Because the vast empire of the Soviet Union is dead and gone, it’s hard sometimes to remember how pervasive, influential, and terrifying it once was. I grew up during the Cold War, when the ongoing struggle between communism and capitalism as exemplified by Russia and the United States was a fact of life. It screamed at us through novels and films such as the James Bond series, The Spy Who Came In From the Cold, and many other works. Not only that, but it hit the young men of my generation in a personal way through the war in Vietnam and the draft, which had been interpreted to us by those who promoted the war as one more arena in the continuing battle against communism. We saw people like Khrushchev and Brezhnev on the news, and they seemed like ambassadors from another planet. The truth was, though, that these public figures were rulers in a land in which the common people, supposedly in the name of reform but actually to keep the ruling elite in power and privilege, were being enslaved, tortured, and murdered.
Remnick’s book focuses on the last days of the Soviet Union under Gorbachev and the nonviolent revolution that brought about the end of the union, the independence of the various satellite republics, and the democratization of Russia. Its main arc begins around 1985 when Gorbachev initiated perestroika, which means restructuring, and glasnost, which means openness, to bring to light aspects of Soviet history that had been long hidden such as Stalin’s purges of millions of citizens through execution or exile to labor camps. This aroused the ire of right-wing factions of the communist party who were staunch supporters of Stalin and the one-party system of absolute rule. It turned out that most of these people worked to retain the existing system not because they gave a damn what happened to the workers that it was all supposedly for, but rather because they wanted to retain their opulent lifestyles, their luxurious offices, their holiday villas, their private limousines and planes, and other perks that the top men received. Remnick details the fine line that Gorbachev walked, especially in the beginning, to open up the country but at the same time pacify the reactionaries.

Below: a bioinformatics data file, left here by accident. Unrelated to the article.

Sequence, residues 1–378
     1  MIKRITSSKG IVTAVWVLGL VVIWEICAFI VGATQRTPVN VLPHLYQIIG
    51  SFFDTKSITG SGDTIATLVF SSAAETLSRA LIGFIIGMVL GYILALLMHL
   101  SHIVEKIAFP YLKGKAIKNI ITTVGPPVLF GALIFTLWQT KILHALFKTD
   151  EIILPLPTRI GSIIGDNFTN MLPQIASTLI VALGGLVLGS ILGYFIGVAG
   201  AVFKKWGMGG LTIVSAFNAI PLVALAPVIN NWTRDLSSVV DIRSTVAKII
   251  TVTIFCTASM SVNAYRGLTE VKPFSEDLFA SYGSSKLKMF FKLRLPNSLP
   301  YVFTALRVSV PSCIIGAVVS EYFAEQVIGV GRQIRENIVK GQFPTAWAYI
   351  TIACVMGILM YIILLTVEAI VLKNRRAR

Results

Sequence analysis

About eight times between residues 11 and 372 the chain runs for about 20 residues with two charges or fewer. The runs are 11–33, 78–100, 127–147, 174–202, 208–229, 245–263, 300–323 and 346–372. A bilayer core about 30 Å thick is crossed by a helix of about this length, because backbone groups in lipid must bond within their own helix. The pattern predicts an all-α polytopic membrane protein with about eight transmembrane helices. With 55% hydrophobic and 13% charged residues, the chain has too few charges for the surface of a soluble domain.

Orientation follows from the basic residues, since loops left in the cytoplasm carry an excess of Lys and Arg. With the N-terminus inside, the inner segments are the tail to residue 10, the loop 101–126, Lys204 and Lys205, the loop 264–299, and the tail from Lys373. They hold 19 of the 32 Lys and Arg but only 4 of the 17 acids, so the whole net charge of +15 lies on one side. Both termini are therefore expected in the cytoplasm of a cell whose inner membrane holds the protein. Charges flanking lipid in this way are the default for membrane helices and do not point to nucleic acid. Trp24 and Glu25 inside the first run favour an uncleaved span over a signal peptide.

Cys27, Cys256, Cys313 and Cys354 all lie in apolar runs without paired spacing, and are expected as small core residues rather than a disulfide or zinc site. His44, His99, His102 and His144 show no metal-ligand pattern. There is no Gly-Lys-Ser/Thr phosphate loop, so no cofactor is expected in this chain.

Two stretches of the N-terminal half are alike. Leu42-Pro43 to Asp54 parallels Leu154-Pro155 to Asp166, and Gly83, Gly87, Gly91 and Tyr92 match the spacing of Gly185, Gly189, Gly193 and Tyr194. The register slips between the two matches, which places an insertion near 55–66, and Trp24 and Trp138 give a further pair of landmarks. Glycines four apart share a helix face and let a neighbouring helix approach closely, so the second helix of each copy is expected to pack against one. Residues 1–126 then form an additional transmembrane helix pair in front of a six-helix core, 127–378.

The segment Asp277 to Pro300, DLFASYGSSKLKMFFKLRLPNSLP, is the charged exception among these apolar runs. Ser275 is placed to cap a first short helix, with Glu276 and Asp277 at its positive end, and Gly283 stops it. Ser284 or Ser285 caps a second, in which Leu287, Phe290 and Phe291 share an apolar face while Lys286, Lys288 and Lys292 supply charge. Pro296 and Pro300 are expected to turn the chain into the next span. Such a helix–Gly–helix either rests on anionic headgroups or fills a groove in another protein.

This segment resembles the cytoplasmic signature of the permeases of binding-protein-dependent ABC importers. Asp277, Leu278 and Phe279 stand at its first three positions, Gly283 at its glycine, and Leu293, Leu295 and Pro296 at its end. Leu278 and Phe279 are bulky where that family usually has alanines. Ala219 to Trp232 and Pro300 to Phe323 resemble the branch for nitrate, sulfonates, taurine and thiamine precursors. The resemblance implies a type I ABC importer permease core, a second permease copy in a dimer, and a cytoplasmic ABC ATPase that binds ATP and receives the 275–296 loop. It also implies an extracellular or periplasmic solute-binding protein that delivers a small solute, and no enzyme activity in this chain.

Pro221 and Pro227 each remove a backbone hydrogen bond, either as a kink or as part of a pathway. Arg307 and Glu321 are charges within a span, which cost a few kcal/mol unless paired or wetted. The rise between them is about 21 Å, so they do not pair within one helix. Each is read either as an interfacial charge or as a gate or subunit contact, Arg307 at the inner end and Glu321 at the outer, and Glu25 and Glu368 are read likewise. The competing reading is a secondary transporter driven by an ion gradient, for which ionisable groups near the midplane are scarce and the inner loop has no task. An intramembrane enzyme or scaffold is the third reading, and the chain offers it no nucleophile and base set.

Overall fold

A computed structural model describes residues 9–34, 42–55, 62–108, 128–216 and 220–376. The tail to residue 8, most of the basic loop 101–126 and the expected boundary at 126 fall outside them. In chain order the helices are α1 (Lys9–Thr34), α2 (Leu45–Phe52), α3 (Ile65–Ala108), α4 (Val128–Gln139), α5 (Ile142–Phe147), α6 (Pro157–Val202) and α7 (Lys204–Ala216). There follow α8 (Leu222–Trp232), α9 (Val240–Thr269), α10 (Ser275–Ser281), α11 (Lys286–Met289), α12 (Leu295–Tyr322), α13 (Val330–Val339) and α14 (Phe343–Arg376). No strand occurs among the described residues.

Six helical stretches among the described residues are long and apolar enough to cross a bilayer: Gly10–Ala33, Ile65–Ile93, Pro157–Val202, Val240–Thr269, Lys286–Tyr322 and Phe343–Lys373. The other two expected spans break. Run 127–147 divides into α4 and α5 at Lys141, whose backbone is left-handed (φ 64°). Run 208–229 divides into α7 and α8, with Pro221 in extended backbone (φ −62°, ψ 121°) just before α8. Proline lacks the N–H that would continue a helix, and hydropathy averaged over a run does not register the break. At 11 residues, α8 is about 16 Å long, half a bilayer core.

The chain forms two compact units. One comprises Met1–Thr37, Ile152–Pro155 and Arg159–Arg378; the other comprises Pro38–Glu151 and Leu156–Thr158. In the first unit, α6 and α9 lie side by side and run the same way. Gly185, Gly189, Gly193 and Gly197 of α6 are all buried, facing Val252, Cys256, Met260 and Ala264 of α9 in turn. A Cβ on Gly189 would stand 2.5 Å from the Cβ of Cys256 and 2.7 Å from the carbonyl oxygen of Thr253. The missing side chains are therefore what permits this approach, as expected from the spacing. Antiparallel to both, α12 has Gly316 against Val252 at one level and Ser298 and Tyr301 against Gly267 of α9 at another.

As perestroika and glasnost became more prevalent, liberal factions of the media in the country reacted and made brave steps to get the truth out to the common people. Miners and other groups of workers went on strike to protest their squalid work and living situations. The situation escalated until satellite republics broke away from the union and Boris Yeltsin became Russia’s first elected president. Hard liners in the Kremlin, the KGB, and the military attempted one final coup out of desperation; when it failed, Russia and the rest of the countries in the erstwhile Soviet Union had truly become changed lands.
All of this may sound like tedious and boring history, but Remnick brings it to life so that it reads like a fictional political thriller. Remnick, who at the time worked as a reporter for the Washington Post, arrived in Moscow in 1988 with his wife, lived through these tumultuous events, interviewed all the major players, and traveled throughout the country to get perspectives from isolated areas. He earned my respect when he describes that, during a visit to a coal mining region in Siberia, he strapped on equipment and lights and went deep into a dangerous mineshaft so he could see firsthand the horrendous conditions under which the miners worked. I got acute claustrophobia just reading about it.
This book was first published in the early 1990s and won a Pulitzer Prize for nonfiction. It deserved the prize. It’s meticulously researched, full of firsthand information, and very well written. One might suppose that it is irrelevant to our present era, but it isn’t. In fact, as I read it, I had a sense of immediacy and a feeling that governments are volatile entities and things can change fast in national and international politics. Before Gorbachev initiated the changes that brought about the fall of the communist party, the Soviet Union was bankrupt and many of its people were suffering and starving, but very few would have thought it possible that in a few short years, Russia would change on such a massive scale. This book is a great read and highly recommended.